Copyright 2024 International Association of Privacy Professionals. Data minimization: An increasingly global concept.

Data minimization requirements are not new but they are becoming more common, and enforcement is on the rise.

“Legal basis” requirements for data processing, justifying data processing activities and transfers, and adhering to data minimization principles began hitting organizations’ radars with the EU General Data Protection Regulation.

In response to the GDPR, many multinationals are differentiating regionally, or by jurisdiction, how they process data and, for example, which information technology monitoring tools they deploy to monitor their workforce around the world. Most of the new U.S. state privacy laws have data minimization principles, including the California Consumer Privacy Act, which remains the only broadly applicable state privacy law.

To stay compliant, organizations should establish and reinforce internal messaging that all data processing activities must be reviewed with a data minimization lens. It is becoming increasingly challenging to fully capture all requirements with a short global assessment.

But all organizations should consider a threshold assessment for each process, program or product where data privacy — and, as applicable, AI considerations — are addressed at a high level. Depending on the outcome of an initial assessment, a deeper dive may be required, and activities may need to be restricted by jurisdiction.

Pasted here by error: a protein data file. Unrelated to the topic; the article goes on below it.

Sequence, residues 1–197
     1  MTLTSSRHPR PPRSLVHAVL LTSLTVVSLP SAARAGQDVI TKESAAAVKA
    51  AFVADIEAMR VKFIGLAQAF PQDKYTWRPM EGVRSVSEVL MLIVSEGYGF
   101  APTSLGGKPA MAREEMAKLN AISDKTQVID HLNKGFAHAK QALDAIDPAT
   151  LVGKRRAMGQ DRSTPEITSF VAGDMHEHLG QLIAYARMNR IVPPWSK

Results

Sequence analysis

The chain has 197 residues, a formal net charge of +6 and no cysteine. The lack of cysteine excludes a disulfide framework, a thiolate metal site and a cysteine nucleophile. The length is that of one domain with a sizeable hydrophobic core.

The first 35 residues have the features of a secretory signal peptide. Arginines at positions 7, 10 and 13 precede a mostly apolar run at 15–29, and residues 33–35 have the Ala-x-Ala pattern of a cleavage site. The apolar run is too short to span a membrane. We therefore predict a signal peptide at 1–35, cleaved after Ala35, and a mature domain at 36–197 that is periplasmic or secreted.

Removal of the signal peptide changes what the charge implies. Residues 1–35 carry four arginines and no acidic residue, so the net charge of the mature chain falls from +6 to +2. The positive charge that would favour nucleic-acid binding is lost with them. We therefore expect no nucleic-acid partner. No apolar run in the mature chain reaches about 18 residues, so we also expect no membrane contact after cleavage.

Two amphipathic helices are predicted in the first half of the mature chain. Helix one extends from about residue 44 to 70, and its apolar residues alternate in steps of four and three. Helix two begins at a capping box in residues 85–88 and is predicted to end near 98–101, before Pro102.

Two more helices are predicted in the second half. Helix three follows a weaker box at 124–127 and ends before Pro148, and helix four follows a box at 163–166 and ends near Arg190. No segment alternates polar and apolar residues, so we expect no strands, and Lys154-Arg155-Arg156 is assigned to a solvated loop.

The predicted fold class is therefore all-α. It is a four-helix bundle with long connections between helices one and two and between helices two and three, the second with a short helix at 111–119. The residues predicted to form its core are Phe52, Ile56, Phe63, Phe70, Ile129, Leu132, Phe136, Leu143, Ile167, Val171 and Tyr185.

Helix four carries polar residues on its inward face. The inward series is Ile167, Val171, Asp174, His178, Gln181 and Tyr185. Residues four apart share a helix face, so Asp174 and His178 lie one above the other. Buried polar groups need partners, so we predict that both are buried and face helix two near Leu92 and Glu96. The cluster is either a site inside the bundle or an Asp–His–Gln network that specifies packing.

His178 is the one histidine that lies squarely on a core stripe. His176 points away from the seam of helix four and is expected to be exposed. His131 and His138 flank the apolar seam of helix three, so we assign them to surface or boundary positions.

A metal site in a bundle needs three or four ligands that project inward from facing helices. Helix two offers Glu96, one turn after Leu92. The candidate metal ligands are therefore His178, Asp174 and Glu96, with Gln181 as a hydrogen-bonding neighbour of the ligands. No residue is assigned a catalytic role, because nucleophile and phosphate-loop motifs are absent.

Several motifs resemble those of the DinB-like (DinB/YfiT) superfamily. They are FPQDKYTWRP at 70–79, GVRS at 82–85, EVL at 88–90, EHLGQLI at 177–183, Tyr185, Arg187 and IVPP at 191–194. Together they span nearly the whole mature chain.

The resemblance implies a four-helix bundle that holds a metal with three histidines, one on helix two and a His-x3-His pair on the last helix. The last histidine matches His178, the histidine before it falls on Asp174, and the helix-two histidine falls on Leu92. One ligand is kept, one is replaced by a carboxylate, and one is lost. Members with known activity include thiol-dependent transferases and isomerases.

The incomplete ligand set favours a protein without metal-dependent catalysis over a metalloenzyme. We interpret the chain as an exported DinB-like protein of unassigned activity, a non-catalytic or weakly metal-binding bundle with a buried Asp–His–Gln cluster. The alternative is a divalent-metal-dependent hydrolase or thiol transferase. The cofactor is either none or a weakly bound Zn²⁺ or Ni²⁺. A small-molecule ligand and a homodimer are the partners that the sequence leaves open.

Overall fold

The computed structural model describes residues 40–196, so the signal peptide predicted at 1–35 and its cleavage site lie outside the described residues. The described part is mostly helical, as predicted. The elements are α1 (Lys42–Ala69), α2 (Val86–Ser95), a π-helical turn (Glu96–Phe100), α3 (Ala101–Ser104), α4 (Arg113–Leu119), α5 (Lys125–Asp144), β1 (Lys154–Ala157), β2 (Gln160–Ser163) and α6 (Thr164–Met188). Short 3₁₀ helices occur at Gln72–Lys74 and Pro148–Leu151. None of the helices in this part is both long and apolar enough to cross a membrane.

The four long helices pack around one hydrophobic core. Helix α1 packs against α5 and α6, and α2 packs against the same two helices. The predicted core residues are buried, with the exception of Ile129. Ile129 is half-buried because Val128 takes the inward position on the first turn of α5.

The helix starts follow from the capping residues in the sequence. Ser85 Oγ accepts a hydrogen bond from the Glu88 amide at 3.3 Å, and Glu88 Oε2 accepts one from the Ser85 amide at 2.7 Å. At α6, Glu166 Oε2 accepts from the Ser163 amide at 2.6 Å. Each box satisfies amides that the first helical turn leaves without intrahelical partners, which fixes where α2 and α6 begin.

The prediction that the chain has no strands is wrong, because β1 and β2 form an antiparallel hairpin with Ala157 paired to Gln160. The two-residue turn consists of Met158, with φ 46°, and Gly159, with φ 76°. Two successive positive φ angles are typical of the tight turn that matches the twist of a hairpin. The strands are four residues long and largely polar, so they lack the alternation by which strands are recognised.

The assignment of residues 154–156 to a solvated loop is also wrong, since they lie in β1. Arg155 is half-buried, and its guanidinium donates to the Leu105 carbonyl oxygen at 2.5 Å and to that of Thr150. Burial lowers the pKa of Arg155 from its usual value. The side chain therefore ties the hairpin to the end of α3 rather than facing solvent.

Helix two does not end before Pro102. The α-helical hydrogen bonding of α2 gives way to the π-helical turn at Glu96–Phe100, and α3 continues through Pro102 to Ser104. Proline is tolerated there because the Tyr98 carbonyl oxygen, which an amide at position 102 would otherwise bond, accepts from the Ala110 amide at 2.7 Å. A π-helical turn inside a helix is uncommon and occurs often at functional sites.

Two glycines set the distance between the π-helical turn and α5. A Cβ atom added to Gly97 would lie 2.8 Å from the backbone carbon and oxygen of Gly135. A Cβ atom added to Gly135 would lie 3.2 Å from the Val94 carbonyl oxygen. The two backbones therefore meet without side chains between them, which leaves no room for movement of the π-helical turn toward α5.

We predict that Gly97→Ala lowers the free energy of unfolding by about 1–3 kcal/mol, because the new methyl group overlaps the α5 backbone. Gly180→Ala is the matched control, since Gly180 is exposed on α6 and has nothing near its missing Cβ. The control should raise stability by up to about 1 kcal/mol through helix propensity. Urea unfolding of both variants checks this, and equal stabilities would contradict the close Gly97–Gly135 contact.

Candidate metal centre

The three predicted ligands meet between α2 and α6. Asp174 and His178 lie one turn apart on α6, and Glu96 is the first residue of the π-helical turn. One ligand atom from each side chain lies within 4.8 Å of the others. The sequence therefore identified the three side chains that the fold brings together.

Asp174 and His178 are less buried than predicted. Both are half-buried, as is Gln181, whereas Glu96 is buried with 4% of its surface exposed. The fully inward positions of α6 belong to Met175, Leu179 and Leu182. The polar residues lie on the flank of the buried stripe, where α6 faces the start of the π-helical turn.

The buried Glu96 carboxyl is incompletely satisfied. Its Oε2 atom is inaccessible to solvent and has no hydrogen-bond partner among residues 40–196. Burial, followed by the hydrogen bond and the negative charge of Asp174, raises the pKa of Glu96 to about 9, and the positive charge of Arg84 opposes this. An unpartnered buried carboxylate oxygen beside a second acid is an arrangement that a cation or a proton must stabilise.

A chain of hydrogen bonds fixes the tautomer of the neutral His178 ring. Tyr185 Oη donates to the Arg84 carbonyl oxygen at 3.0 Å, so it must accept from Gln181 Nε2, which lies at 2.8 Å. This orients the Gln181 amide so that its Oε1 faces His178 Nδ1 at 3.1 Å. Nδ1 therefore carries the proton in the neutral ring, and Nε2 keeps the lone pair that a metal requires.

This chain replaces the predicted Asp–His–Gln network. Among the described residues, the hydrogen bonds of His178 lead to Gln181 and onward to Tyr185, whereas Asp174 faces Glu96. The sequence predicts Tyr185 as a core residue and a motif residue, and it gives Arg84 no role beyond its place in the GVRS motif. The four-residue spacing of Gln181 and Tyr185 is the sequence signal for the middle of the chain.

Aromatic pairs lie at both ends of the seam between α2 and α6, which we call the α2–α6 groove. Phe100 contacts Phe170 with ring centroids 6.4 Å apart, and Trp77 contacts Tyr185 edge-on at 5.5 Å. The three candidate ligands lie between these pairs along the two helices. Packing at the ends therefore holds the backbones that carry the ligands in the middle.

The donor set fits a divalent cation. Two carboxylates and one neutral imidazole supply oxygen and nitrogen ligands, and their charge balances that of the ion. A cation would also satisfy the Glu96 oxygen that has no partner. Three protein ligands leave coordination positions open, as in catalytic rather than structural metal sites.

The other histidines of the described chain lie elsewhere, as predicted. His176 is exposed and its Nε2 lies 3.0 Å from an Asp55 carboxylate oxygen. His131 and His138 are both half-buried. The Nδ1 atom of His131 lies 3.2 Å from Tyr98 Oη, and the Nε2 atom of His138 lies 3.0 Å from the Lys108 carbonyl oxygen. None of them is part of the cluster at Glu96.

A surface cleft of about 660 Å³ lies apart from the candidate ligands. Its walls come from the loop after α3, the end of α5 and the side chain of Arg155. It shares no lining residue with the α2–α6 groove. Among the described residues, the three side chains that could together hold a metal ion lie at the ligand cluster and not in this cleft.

Requirements under the GDPR

Data minimization requirements have applied in Europe since the 1970s and were codified and mostly harmonized in the GDPR, which became applicable across the European Union in May 2018.

In its June 2017, “Opinion 2/2017 on data processing at work,” the predecessor to the European Data Protection Board, the Article 29 Data Protection Working Party, indicated employers “must take the principle of data minimisation into account when deciding on the deployment of new technologies” and that the “information registered from the ongoing monitoring, as well as the information that is shown to the employer, should be minimized as much as possible.”

It adds, “Employees should have the possibility to temporarily shut off location tracking, if justified by the circumstances. Solutions that for example track vehicles can be designed to register the position data without presenting it to the employer.”

The GDPR’s data minimization principle states personal data shall be “adequate, relevant and limited to what is necessary in relation to the purposes for which they are processed,” but does not define those terms. While their meaning will depend on a case-by-case assessment considering the purposes of processing and the data subjects concerned, adequate generally means it is sufficient to properly fulfill a defined processing purpose and relevant means it is sufficiently linked or connected to the purpose.